Animals without gut microbiomes

Written by Meenakshi Prabhune

A new study shows that caterpillars, unlike other herbivores, do not indulge in an interdependent relationship with microbes. Could defying this tradition of symbiosis prove advantageous for other insects and animals?

A caterpillar, Eumorpha satellitia.

Credit: Tobin Hammer, University of Colorado.

The human body harbors millions of bacteria in the gut. These resident microbes, in turn, positively affect our health, especially in aiding food digestion. This symbiotic host–microbe interaction is so widespread that researchers assumed it existed in all animals. But a recent study posted in BioRxiv, reports an unexpected finding: caterpillars lack a resident gut microbiome.

Tobin Hammer, a graduate student at the University of Colorado and lead author of the new paper, studies microbial interactions in insects. He was especially interested in caterpillars because few studies have addressed their microbiomes. “It seemed like a really good opportunity to kind of develop a new model system for microbiome research,” he said.

Hammer and his colleagues collected 124 species of caterpillars in total from the US and Costa Rica through field excursions and collaborations with caterpillar rearing experts. He extracted DNA from the fecal samples of these caterpillars and sequenced the gene coding for a part of the bacterial ribosome that has unique variants in each species in order to identify the different species in each sample.

The researchers were surprised at the huge variation in the microbial profiles between the different caterpillar samples and that the total number of microbes was much lower than that observed in other insects. Based on these findings, Hammer and team suspected that caterpillars don’t possess a unique microbial flora and that the bacteria found in their guts originate from ingested plants.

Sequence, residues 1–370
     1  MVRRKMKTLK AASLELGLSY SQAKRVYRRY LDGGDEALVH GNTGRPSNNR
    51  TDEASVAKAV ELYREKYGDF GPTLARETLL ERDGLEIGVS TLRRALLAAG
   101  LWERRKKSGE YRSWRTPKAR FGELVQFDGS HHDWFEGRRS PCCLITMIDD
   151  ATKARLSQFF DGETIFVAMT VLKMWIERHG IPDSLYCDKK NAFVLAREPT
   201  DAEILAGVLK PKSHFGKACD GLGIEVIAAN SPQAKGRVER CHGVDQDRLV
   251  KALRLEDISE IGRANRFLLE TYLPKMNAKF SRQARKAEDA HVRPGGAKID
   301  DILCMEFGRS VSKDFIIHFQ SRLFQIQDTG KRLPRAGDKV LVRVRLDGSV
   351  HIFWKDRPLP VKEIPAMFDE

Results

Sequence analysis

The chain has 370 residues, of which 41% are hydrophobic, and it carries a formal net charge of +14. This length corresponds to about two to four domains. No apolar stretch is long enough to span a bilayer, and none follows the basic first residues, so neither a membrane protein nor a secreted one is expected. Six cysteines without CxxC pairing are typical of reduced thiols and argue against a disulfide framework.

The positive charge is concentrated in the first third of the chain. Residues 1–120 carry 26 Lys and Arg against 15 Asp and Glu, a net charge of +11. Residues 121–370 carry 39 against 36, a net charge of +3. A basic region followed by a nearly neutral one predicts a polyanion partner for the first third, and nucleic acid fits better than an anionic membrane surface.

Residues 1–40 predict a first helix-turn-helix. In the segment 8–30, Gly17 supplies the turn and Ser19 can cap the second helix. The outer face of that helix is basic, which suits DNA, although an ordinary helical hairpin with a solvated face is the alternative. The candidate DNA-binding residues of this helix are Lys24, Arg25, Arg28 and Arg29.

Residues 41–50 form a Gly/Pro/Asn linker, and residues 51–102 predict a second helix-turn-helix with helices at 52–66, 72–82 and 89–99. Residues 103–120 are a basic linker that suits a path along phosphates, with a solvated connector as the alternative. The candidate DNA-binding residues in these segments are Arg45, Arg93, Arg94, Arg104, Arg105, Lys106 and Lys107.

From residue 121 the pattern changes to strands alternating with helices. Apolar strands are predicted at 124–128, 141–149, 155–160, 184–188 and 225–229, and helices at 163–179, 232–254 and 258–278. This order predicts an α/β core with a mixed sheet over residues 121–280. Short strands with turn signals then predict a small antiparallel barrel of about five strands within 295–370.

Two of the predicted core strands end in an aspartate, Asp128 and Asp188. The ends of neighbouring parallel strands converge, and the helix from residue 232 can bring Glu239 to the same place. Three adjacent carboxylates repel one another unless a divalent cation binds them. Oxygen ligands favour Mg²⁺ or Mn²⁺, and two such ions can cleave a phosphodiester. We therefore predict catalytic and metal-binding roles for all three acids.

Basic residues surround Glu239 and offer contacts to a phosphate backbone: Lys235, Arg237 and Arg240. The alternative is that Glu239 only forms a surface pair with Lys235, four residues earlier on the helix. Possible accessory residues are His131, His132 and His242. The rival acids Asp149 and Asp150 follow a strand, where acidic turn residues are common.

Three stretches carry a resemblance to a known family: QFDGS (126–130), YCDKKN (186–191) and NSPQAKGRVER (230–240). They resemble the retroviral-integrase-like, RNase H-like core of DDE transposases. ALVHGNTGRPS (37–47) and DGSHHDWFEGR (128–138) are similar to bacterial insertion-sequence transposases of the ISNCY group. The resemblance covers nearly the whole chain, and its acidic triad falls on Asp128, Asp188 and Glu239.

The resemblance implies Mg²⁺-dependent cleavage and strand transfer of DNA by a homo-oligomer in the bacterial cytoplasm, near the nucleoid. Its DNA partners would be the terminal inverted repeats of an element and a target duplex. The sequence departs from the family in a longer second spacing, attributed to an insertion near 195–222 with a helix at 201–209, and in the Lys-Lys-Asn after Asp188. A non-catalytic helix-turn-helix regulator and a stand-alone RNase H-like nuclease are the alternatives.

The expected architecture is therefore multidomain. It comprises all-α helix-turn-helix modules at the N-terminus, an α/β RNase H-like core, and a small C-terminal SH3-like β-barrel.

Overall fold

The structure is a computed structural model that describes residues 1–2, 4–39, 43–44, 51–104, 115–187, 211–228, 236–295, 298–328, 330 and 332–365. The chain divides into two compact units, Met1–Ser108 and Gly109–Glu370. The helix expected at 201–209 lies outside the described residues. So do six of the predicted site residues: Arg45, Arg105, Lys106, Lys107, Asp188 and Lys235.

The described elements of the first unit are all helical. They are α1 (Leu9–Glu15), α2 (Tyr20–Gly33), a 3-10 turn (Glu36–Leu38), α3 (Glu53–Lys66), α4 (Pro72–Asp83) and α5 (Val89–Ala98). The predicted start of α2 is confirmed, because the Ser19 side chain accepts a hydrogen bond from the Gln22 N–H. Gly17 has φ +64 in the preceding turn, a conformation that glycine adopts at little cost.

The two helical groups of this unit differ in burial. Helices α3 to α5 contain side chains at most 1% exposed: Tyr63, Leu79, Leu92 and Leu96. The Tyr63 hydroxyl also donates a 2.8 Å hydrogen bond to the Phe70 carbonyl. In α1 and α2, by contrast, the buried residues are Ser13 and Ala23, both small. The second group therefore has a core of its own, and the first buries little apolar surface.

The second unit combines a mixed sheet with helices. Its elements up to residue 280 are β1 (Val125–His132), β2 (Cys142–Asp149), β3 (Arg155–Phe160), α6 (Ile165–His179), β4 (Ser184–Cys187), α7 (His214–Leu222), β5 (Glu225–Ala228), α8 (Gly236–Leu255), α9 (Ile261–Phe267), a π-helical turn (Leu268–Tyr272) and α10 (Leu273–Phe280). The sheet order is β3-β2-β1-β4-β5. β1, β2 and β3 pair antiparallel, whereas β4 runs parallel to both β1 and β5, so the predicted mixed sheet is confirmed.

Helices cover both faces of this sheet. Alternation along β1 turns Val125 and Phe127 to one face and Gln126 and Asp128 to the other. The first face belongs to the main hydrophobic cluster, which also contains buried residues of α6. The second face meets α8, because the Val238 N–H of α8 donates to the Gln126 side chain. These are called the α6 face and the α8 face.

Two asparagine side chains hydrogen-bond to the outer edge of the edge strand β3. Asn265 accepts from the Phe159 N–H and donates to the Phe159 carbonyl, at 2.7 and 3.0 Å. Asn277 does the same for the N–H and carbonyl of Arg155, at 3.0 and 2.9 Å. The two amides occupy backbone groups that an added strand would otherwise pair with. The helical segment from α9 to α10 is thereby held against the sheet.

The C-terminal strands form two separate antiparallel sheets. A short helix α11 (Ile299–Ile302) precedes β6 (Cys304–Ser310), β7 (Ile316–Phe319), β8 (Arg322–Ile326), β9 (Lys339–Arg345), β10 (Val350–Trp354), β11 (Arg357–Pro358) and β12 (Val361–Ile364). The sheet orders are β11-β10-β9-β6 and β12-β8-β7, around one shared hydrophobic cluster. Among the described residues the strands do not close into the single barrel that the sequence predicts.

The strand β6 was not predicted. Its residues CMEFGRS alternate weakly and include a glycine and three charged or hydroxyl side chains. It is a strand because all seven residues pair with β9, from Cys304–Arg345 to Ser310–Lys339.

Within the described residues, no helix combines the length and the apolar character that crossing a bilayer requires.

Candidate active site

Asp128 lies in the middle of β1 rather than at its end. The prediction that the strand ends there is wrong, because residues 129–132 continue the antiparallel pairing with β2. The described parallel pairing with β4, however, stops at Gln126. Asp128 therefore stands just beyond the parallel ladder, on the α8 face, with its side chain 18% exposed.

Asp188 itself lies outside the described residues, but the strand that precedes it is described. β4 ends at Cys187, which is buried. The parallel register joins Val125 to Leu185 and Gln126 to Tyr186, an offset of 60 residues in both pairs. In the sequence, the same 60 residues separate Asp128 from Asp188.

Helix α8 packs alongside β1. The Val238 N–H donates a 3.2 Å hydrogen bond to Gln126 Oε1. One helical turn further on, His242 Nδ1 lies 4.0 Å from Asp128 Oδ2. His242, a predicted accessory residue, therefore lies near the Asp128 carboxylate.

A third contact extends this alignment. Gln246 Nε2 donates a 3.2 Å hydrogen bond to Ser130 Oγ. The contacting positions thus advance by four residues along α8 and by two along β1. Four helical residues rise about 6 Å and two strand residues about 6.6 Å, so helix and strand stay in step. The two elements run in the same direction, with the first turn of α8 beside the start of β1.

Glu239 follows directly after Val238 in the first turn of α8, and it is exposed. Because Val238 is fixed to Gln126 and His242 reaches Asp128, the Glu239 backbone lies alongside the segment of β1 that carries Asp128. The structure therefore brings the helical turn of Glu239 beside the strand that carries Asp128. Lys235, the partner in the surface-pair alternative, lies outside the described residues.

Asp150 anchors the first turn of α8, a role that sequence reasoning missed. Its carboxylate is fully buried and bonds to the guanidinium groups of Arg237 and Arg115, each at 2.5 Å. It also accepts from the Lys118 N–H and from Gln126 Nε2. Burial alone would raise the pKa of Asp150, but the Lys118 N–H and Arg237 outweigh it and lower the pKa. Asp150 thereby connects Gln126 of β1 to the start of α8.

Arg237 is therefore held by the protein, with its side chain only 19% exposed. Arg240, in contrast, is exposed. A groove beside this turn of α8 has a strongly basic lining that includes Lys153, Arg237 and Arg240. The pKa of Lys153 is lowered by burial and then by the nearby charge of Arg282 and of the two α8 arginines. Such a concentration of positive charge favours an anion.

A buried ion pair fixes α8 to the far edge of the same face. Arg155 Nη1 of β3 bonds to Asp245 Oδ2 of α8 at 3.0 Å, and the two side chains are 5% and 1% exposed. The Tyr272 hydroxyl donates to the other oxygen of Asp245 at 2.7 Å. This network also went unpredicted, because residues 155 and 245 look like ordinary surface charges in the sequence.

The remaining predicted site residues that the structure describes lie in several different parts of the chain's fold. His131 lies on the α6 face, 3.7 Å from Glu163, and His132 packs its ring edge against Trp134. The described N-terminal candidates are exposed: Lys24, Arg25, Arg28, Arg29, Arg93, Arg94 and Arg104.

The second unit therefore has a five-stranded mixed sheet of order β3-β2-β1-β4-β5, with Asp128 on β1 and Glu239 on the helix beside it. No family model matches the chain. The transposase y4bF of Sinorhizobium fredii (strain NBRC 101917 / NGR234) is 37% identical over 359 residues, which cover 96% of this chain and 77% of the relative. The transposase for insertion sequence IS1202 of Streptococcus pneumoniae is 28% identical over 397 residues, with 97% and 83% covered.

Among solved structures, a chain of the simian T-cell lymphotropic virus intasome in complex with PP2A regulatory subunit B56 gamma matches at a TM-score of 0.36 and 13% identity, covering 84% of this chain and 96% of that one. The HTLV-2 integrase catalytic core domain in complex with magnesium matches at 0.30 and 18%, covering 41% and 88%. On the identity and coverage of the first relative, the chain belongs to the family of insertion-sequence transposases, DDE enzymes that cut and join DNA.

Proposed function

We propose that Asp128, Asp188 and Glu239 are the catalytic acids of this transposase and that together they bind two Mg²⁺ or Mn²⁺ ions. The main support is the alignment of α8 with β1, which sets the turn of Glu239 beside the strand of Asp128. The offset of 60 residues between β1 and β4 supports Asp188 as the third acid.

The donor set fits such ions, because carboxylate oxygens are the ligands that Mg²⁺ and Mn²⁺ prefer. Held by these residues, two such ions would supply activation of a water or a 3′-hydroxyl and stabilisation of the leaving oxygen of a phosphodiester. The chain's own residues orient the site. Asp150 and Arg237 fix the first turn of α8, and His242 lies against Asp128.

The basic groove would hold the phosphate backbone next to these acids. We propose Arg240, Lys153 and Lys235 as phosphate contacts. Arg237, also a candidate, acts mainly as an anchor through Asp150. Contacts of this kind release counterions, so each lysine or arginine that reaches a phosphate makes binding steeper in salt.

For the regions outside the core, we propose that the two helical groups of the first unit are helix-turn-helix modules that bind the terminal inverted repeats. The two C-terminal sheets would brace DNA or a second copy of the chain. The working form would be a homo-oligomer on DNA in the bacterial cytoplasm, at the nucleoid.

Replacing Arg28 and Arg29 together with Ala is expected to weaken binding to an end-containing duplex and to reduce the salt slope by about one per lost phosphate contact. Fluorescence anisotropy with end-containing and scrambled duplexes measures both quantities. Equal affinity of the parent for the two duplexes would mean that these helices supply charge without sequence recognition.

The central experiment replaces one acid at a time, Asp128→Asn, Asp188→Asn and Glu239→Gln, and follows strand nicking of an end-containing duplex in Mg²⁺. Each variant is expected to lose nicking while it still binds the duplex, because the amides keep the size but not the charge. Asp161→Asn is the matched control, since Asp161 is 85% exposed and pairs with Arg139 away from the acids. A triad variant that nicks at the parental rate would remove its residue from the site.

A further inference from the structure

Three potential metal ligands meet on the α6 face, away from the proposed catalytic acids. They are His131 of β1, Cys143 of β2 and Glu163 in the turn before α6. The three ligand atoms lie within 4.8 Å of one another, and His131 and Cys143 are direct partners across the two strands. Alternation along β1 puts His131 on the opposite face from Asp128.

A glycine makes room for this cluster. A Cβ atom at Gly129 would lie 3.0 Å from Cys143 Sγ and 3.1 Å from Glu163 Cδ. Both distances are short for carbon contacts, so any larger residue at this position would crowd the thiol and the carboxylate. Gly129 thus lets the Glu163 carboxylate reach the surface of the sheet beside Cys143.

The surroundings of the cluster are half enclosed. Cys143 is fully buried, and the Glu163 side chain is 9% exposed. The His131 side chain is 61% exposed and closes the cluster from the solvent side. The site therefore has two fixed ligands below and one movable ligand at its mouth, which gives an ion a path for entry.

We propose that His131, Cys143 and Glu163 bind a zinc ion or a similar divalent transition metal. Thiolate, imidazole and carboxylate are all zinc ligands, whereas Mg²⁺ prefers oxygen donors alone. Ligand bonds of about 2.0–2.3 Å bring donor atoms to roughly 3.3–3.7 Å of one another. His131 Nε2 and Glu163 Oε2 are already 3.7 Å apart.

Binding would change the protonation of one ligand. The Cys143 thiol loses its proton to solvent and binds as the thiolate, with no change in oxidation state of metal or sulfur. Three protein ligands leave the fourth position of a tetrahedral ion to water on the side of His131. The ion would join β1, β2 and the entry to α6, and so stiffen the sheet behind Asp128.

Previous isolated reports hinted that caterpillars lack resident microbiomes, but Hammer believes this is the most quantitative assessment study from different caterpillar species. “What’s different is that this is a pretty broad picture in terms of number of different species and the geographical range, taxonomic diversity of samples,” he said. The team next showed that weight gain and caterpillar development remain unaltered after antibiotic treatment, strengthening their view that bacteria do not play a role in caterpillar metabolism. Previous studies showed that caterpillars rely on digestive enzymes and a highly alkaline chemical environment in their gut to process plant material. Hammer speculates that these harsh conditions hinder the growth of microorganisms in the gut.

Melissa Whitaker, an evolutionary biologist and a postdoctoral researcher at Harvard University who was not involved with the study, finds these results especially important for understanding basic plant–animal interactions, since caterpillars belong to the second largest group of herbivores among animals.

“From the literature and the news, we get the impression that every animal has these complex interdependent symbioses,” said Hammer. He believes that this study is important in showing that not all animals depend on microbes. He suspects that there may be other animals that lack a symbiotic microbiome and is interested in understanding the evolutionary advantage, if any, in these animals.

“If you think about it from a very macro scale, it should be more advantageous to not rely on symbionts for things that are very important to your survival,” said Whitaker.

For future studies, Hammer is curious about the microbiome in butterflies. “If the caterpillar stage doesn’t necessarily have a gut microbiome, do adults?” wondered Hammer.